A rebuttal expert report must "directly address the findings... of the primary expert's report" rather than "the general subject matter of the case." Downs, 2014 WL 814303 at *5. Rebuttal experts are not allowed to put forth their own theories; instead, "they must restrict their testimony to attacking the theories offered by the adversary's experts." Id.
Applying these standards to the present case, Orchard's reports lack the specificity required of rebuttal reports. The cause of the roof leak is central to this case. Instead of directly addressing Cecchi's findings, Orchard spends the majority of his reports explaining what he believes caused the leak. In Orchard's first report, the only mention of Cecchi's report reads:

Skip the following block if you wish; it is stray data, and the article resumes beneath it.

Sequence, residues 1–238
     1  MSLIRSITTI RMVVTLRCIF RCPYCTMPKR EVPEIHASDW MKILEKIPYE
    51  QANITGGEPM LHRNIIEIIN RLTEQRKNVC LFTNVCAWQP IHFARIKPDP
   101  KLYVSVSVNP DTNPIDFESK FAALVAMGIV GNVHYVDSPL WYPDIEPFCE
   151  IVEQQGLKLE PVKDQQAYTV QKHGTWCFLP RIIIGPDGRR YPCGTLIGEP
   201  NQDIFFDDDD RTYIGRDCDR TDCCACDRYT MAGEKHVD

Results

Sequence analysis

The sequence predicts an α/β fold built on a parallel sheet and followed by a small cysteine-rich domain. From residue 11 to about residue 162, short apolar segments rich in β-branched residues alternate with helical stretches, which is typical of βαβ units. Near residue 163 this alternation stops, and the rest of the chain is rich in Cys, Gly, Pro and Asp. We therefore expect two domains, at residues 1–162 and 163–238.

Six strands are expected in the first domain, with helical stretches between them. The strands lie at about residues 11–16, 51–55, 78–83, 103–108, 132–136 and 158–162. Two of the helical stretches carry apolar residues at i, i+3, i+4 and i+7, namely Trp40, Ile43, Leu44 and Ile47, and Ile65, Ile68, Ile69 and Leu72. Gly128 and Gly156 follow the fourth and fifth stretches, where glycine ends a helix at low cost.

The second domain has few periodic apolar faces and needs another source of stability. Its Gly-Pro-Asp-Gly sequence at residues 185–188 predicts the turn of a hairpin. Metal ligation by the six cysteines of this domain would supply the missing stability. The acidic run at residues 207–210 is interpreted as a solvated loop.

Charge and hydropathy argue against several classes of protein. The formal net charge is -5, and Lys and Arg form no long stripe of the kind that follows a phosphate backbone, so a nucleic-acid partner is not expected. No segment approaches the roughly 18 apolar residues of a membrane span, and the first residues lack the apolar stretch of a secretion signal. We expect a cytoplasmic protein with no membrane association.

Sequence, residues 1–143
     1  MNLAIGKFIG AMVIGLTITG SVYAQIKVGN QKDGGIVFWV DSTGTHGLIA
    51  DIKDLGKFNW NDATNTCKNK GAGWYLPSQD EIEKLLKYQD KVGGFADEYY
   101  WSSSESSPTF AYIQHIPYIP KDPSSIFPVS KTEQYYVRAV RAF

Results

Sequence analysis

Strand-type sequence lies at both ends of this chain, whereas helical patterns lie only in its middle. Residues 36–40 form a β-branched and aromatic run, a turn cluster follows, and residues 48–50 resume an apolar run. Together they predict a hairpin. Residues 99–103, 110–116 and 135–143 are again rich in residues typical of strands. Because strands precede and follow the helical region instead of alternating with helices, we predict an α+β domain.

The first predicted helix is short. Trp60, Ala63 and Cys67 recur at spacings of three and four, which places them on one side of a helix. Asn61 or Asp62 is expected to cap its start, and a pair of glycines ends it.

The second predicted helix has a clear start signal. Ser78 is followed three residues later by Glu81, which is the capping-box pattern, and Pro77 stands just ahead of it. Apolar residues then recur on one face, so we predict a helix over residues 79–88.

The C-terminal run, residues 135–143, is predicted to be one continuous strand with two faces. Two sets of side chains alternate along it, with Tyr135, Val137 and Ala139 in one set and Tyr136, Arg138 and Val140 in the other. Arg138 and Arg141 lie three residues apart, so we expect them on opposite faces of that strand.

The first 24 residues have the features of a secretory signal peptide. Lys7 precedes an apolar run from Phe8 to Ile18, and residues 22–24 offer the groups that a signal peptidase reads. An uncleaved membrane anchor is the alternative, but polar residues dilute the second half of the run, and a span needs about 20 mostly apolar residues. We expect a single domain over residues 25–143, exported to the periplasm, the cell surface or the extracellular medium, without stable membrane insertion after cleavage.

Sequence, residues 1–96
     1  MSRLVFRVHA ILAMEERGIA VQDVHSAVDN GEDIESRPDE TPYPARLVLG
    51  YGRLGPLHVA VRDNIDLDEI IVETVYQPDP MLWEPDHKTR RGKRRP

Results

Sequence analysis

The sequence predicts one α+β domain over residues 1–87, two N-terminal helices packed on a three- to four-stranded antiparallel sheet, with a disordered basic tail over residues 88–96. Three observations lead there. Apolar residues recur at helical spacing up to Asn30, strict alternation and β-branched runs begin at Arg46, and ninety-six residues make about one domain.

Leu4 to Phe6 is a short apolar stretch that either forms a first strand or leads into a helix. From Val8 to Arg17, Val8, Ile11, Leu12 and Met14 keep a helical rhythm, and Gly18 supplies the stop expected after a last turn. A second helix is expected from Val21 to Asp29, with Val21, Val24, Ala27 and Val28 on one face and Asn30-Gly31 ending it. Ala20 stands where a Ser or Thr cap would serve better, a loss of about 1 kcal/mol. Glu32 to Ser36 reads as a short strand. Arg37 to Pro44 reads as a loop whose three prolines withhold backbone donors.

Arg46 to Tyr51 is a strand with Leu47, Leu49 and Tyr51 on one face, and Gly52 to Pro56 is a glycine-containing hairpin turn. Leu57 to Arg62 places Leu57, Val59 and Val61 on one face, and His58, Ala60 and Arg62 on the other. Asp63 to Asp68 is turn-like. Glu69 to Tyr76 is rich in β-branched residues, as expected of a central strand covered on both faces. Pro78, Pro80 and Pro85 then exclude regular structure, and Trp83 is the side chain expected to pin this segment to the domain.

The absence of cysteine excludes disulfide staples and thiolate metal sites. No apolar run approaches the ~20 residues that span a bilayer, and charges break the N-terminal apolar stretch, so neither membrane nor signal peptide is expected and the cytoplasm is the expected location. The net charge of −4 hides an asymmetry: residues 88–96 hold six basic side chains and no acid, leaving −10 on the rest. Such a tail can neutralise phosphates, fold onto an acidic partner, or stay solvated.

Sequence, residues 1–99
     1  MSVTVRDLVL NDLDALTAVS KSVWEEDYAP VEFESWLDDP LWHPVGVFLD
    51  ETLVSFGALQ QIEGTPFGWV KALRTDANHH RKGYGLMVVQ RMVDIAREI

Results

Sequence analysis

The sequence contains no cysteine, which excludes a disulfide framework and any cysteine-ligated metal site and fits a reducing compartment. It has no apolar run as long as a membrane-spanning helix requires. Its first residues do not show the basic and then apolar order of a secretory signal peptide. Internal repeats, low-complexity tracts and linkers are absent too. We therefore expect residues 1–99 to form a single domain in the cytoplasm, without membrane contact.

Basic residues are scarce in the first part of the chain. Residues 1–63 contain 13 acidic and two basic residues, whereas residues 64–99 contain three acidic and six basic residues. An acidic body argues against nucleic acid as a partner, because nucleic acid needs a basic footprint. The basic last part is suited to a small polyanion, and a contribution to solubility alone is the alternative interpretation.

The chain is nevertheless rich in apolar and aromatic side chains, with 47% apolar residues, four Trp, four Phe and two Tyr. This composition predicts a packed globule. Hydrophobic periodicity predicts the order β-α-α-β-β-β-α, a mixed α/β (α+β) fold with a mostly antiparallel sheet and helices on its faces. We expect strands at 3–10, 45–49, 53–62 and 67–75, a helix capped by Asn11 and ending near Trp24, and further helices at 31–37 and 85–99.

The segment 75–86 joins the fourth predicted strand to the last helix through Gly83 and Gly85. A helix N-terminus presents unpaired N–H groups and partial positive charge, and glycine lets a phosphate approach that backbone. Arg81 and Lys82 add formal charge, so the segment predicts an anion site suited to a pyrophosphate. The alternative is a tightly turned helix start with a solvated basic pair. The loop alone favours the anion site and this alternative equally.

The [Cecchi] report... makes reference to the leaks above the Menswear Department by stating that there was a repair to correct "mechanical damage" and yet our findings show there is no mechanical unit directly above or in close proximity to, the slip & fall location. There is a roof mounted mechanical unit approximately fifty feet (50') away, and down slope from, the roof above the accident but that location is not a contributing factor in this matter.
This excerpt from the Orchard report states that Cecchi is incorrect as to his belief that the mechanical unit caused the leak, but it does not expound as to why Cecchi is incorrect. Instead, Orchard develops a competing theory as to the cause of the leak. Orchard opines that faulty work from N.A.R. near the expansion control joint caused the leak. As a rebuttal witness, Orchard must "restrict [his] testimony to attacking the theories offered by the adversary's experts." R & O Const. Co. v. Rox Pro Int'l Grp., Ltd., 2011 WL 2923703 at *2 (D. Nev. July 18, 2011).